BBC presenters like The Great British Bake Off star Paul Hollywood must “manage” their private lives, according to one of the corporation’s senior executives.

The baker-turned-presenter recently hit the headlines when he left Alexandra, 49, his wife of 15 years, amid an attempt to launch his career in the US and reports of a relationship with his new co-star Marcela Valladolid, 35.

Asked about Hollywood, BBC Two boss Janice Hadlow told an audience at the Edinburgh television festival that presenters had to “be aware” that their actions “will be subject to some scrutiny”.

She said: “He knows himself, he’s been open about it, if you are in the public eye your actions will get attention and it’s just about being aware of that.”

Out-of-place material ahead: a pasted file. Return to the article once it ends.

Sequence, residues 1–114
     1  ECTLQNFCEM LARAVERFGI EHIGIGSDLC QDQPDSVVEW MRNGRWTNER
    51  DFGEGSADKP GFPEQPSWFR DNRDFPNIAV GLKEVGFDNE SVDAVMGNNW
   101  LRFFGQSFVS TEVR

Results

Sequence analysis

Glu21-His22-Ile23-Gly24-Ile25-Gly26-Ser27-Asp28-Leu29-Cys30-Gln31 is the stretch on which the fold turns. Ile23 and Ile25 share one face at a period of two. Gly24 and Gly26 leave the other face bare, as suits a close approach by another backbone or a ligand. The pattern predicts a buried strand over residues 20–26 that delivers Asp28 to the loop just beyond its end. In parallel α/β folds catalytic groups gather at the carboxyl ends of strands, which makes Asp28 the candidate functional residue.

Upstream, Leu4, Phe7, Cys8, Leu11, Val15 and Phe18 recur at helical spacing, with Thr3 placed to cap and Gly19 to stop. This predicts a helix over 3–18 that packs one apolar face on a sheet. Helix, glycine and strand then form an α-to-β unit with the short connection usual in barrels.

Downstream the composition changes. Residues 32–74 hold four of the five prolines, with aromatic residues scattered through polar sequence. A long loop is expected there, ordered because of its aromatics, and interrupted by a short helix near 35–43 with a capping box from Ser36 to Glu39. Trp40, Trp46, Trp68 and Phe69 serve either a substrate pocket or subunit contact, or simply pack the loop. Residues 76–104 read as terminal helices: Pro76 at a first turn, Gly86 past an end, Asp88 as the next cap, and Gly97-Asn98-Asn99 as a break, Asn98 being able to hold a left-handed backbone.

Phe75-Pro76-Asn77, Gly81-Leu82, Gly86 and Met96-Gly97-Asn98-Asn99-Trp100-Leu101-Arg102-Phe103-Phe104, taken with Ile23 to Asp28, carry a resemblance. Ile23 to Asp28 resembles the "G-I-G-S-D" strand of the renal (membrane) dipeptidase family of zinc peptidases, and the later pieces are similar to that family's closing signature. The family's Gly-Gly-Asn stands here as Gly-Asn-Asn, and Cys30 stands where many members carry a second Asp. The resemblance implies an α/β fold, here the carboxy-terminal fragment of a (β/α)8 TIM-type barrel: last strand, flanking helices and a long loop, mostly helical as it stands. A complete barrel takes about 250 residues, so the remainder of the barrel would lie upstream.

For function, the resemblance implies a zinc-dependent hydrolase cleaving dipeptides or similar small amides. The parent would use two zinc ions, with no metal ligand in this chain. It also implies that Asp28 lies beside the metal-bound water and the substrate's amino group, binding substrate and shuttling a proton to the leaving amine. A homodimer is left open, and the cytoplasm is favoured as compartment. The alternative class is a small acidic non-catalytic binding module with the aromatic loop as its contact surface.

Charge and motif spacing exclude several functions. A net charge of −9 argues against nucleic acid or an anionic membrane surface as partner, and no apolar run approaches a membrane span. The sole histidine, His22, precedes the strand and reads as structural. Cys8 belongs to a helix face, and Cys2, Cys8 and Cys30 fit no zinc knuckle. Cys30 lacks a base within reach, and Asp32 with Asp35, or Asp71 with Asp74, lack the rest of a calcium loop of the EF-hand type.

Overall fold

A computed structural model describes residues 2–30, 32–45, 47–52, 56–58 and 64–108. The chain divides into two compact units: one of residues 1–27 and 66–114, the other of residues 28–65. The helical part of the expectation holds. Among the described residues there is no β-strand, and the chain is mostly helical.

She added: “I think our presenters know that they are always presenters.

“Even in their private life they will always be seen as the BBC presenter. In the end what goes on in their private life is not necessarily something we can manage and they have to manage it themselves”.

Speaking earlier this month, Hollywood admitted he was “upset and sad” about the collapse of his marriage – and said he might have been happier if he had not become famous.

Hollywood, who returned to the small screen with Mary Berry for a fourth series of Bake Off this week, told the Radio Times he was tempted to “disappear and hide”.

The 47-year-old, who has an 11-year-old son with Alexandra, said: “I’m upset and sad about the whole separation. I’ve been totally honest with those in the know.

“Everyone else? That’s their problem. I don’t care.”

He told the magazine: “I thought I’d spend my life making baguettes, muffins, croissants. I might have been happier if I had. One day I’ll disappear and hide in a corner of Britain.

“I’ll own a bakery in a village, live above it, have a big garden because I like mowing. I want to get up when I feel like it, let people queue for my products and when they’re gone, shut the shop and think about tomorrow. Creating magic – that’s my dream. And I’ll do it.”